Central bank digital currency (CBDC) is a digital version of cash issued by a central bank to be used either by individual consumers (retail CBDC, or rCBDC) or financial institutions (wholesale CBDC, or wCBDC). At the time of writing, more than one hundred central banks are pursuing CBDCs for a variety of motives: improving payments efficiency and upgrading existing financial infrastructure, increasing financial inclusion, and enhancing monetary policy transmission. CBDCs allow their developers unparalleled discretion in terms of their constituting features—inter alia, choice of design, accessibility, and programmability. CBDCs present unique opportunities and challenges for policymakers, regulators, market participants, and individuals, making this a transformational moment in the history of money.
International financial institutions (IFIs) have taken note of their member countries’ burgeoning interest in CBDCs. IFI mandates and responsibilities intersect with CBDCs in several important ways. First, CBDCs may present new financial-stability challenges. This brings CBDC-related developments under the purview of the International Monetary Fund (IMF). Second, CBDCs’ development potential (including financial inclusion)—a major force driving adoption in emerging markets and developing economies (EMDEs)—makes them relevant for the World Bank. Finally, the Bank for International Settlements(BIS), with its standard-setting committees, is a natural forum for discussion on issues related to technology and regulation around CBDC. Recognizing the intersection of CBDCs and their mandates, and spurred by the demands of member countries, these IFIs have been rapidly developing workstreams on CBDC.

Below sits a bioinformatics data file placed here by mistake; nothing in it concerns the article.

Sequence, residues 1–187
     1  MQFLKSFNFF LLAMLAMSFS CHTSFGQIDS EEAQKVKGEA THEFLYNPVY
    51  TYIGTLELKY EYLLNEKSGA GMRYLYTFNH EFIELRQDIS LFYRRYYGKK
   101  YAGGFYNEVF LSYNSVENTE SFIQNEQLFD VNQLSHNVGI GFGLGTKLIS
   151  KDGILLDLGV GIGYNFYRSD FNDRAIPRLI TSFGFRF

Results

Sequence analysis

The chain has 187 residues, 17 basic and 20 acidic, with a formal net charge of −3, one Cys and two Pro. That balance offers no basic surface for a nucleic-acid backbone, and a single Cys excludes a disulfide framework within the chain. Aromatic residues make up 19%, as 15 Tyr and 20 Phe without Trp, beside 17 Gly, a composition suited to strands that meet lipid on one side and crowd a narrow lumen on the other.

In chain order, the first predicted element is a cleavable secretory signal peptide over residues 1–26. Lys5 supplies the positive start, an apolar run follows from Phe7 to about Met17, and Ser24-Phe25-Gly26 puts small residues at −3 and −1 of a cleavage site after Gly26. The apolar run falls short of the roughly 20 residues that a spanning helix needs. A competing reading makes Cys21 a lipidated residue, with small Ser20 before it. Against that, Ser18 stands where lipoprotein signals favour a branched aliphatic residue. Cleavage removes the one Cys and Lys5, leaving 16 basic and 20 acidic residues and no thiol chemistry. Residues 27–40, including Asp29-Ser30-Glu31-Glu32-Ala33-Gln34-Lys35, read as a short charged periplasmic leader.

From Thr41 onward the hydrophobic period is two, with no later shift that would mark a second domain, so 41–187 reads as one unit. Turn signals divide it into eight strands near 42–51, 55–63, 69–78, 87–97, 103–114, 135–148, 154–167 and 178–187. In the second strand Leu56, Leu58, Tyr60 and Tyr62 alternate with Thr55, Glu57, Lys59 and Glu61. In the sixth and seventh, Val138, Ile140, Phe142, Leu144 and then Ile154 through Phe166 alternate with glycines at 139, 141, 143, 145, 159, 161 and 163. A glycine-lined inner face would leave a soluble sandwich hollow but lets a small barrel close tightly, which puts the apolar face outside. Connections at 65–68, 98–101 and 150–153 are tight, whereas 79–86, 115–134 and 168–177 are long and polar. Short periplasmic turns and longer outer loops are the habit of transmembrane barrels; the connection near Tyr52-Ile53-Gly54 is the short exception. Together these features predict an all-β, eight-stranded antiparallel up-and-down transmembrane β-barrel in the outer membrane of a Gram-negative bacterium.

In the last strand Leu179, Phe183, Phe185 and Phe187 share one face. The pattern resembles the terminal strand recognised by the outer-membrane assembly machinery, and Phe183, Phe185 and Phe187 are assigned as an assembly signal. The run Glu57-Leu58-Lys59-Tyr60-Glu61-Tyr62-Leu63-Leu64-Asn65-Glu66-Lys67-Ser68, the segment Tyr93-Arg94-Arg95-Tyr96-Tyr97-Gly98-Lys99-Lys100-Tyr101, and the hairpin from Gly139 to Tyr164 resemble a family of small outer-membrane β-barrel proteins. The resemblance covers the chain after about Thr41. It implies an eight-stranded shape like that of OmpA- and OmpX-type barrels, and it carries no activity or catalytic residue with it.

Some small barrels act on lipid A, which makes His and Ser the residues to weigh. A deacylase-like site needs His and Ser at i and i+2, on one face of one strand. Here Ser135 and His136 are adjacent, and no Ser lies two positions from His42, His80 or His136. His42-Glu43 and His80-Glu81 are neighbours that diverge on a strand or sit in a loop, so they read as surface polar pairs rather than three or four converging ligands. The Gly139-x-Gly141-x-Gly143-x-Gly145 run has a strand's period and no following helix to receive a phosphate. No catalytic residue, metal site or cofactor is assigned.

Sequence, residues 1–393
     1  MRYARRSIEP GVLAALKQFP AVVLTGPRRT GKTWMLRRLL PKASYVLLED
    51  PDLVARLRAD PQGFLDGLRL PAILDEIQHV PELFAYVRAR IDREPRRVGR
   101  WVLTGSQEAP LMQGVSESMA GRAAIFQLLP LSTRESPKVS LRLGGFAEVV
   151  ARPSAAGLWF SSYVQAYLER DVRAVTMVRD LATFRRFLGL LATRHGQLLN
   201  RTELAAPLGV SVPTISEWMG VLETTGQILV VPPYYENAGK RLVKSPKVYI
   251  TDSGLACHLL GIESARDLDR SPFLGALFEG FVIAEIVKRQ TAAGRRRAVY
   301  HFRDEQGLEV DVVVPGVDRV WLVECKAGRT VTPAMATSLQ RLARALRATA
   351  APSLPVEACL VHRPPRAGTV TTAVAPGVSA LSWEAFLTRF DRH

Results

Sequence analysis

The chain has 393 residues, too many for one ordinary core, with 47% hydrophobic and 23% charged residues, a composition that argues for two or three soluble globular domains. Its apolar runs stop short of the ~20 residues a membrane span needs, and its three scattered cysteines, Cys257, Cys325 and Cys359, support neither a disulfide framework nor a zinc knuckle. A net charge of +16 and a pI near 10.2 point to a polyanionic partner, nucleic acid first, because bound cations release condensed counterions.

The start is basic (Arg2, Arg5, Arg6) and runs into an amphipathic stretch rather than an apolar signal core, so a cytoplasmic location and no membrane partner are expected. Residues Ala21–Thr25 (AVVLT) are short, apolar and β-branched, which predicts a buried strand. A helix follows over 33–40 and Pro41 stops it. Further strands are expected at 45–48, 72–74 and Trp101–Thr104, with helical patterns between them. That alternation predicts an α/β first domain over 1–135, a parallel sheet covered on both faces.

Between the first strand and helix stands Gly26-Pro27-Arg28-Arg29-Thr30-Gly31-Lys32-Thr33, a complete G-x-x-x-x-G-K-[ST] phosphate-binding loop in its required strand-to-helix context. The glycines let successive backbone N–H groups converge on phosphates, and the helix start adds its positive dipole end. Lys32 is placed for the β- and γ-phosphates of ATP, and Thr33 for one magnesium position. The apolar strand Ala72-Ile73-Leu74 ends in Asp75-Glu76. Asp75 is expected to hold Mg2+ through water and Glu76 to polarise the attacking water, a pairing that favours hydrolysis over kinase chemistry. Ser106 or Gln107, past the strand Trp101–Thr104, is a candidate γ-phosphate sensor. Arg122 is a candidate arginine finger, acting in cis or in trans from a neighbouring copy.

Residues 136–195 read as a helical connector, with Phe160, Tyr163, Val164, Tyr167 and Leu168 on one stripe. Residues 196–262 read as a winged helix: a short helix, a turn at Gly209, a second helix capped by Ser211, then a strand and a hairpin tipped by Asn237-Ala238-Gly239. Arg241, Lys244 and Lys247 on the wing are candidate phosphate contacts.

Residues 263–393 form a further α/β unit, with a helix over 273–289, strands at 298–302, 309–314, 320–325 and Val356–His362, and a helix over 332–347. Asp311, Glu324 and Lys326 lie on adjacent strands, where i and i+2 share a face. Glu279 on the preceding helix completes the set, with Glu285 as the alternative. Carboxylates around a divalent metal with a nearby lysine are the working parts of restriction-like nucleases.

Collectively, IFIs’ efforts constitute an emerging global governance architecture for CBDCs. But is that emerging architecture appropriate, effective, and sufficient to manage the global transition to digital money? This report is an attempt to answer this question, with a focus on three domains: financial stability, development and financial inclusion, and global payment systems. One chapter is dedicated to each of these issues. Each chapter considers the risks, challenges, and opportunities associated with CBDC development, and discusses the mandates, activities, and plans of the international financial institutions. Finally, recommendations are made in each area to improve the global governance architecture for CBDCs.
Greg Brownstein is a Bretton Woods 2.0 Fellow with the GeoEconomics Center.
Utsav Saksena is a Bretton Woods 2.0 Fellow with the GeoEconomics Center. He is also a Research Fellow (Macro-Finance) at the National Institute of Public Finance (NIPFP), an autonomous institute under the Ministry of Finance, Government of India.
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